If this is implemented officially, I want to hear what those lauding it say after 5 years, and after majorities switch hands to the other party.  I better not hear any outcry from the liberals if Republicans come into power and continue to use net neutrality…

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Filed under Big Brother, Constitution, Czars, Fairness Doctrine, FCC, MSM, Net Neutrality, Obama Administration, Progressivism

Hands Off My Radio

On Friday of last week the new FCC Chief Diversity Officer stated that he intended to create a new type of fairness doctrine which would require private radio to fund public radio.  Private radio stations would have to pay a fee of 100% of their operating budget to their public competitors who would pay nothing.  In essence private radio would pay 2x it’s budget and hope that it makes 201% of it’s original operating budget, which probably will not happen.

An operating budget is usually set based upon estimates that are either from history or known costs that have an 85% chance of occurring.  No company expects to make 100% x it’s operating budget, but at least some percentage above their costs/budget that will provide the organization a profit.  This new regulation would drive businesses out of the communications/media industry, and I have to believe this is on purpose. 

Net Neutrality, the Fairness Doctrine, Hate Crimes Legislation, Localization, Cass Sunstein, who believes in regulating free speech if deemed untrue (by his own opinion), and now a brand new FCC diversity panel that was created right after Obama’s inauguration, will create some type of ban on conservative views one way or another.  A new type of fairness doctrine will be created, it will just be under another name.  It will be one of those alternatives that tricks people through semantics as Saul Alinsky stipulates in rule 12.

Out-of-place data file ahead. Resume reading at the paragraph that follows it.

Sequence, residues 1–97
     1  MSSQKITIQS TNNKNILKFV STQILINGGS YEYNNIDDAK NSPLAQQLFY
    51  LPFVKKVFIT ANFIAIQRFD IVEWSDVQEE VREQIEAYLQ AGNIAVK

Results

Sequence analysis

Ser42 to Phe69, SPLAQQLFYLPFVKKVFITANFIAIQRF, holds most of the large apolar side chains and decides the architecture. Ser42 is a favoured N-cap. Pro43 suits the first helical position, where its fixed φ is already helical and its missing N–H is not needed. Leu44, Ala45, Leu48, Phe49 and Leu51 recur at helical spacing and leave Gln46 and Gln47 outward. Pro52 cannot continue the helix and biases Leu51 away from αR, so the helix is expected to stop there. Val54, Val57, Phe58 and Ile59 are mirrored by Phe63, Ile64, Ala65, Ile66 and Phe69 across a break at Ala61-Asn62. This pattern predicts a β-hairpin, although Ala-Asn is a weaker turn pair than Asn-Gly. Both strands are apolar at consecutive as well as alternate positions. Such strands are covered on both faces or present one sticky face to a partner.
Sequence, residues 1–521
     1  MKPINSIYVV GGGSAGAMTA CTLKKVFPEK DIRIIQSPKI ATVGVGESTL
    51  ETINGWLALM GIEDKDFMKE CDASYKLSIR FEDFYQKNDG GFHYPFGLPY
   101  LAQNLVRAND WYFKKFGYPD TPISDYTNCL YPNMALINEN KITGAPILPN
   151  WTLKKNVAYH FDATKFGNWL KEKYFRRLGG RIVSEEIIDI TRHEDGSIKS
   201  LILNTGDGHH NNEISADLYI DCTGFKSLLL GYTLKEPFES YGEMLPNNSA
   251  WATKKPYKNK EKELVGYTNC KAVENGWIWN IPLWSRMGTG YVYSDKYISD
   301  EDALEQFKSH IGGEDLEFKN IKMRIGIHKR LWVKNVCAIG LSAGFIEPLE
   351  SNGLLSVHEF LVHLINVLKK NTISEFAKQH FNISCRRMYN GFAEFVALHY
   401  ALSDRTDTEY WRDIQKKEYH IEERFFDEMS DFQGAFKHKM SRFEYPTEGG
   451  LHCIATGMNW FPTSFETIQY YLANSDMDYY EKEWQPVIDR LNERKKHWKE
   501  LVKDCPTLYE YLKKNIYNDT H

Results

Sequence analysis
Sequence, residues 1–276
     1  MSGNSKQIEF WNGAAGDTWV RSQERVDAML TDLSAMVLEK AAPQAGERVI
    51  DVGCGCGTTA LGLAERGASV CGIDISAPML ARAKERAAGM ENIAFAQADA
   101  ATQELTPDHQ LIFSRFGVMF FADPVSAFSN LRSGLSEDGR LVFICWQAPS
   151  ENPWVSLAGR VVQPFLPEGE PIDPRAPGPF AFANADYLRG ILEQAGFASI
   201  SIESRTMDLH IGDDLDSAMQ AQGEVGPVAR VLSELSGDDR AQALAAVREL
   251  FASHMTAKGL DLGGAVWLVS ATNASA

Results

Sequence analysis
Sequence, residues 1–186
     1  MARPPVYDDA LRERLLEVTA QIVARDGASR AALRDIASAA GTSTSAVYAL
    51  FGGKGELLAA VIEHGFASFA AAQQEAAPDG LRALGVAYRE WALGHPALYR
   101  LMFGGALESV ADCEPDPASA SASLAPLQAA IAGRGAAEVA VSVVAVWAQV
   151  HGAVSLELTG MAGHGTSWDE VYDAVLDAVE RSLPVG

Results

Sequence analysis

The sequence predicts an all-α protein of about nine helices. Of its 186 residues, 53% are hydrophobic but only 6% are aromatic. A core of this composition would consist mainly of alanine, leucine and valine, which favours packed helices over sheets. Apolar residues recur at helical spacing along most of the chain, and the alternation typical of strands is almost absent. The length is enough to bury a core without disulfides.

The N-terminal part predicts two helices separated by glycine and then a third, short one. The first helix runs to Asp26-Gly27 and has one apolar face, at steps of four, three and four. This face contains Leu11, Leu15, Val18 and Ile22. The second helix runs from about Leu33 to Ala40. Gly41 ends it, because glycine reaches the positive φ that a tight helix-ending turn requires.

Mark Lloyd, newly appointed Chief Diversity Officer of the Federal Communications Commission, has called for making private broadcasting companies pay licensing fees equal to their total operating costs to allow public broadcasting outlets to spend the same on their operations as the private companies do.

[…]

“Federal and regional broadcast operations and local stations should be funded at levels commensurate with or above those spending levels at which commercial operations are funded,” Lloyd wrote. “This funding should come from license fees charged to commercial broadcasters. Funding should not come from congressional appropriations. Sponsorship should be prohibited at all public broadcasters.”
 
Along with this money, Lloyd would regulate much of the programming on these stations to make sure they focused on “diverse views” and government activities.

I also wonder if many have heard of the performance tax?  This is another idea coming out of Washington in connection with the record label companies that would require local radio stations to pay a tax on any and all music played.  Many radio stations play a variety of music, provide local traffic updates, news, and other information, all of which could find itself on the chopping block if this tax is passed.  It’s estimated that this tax would cost local radio stations anywhere from $2-7B annually.  Radio stations already pay fees to purchase music, as well as use online streaming, but record labels are not satisfied because they are still seeing a decline in their sales now that everything has gone digital. 

In short, the money would flow out of your community and into the pockets of the record labels – the great majority of which are foreign-owned. The record labels would like for you to think this is all about compensating the artists, but in truth the record labels would get at least 50% of the proceeds from a tax on local radio.

This is beginning to sound more like that wonderful idea; cash for clunkers.  I thought we were supposed to pump money into our own economy and not into foreign ones to see a real recovery?  So I was curious to see what party was looking to levy this tax on our radio stations – it comes as no surprise that the tax and spend party and the party who is backed by the liberal music industry believes this performance tax to be a good idea.  But I must give credit to several Democrats and the Republicans who are attempting to stop this idea from passing: 

There are currently two bills pending in Congress that would levy a performance tax on local radio – H.R. 848, sponsored by Rep. John Conyers (D-MI-14) and S. 379, sponsored by Sen. Patrick Leahy (D-VT). Your members of Congress need to hear that you strongly oppose these bills.

Additionally, anti-performance tax resolutions have been introduced in the House and Senate in support of local radio. In the Senate, Sens. Blanche Lincoln (D-AR) and John Barrasso (R-WY) introduced S. Con. Res. 14, and in the House, Reps. Gene Green (D-TX-29) and Mike Conaway (R-TX-11) introduced H. Con. Res. 49. Both are known as the “Local Radio Freedom Act.” Encourage your senators and representative to cosponsor these resolutions.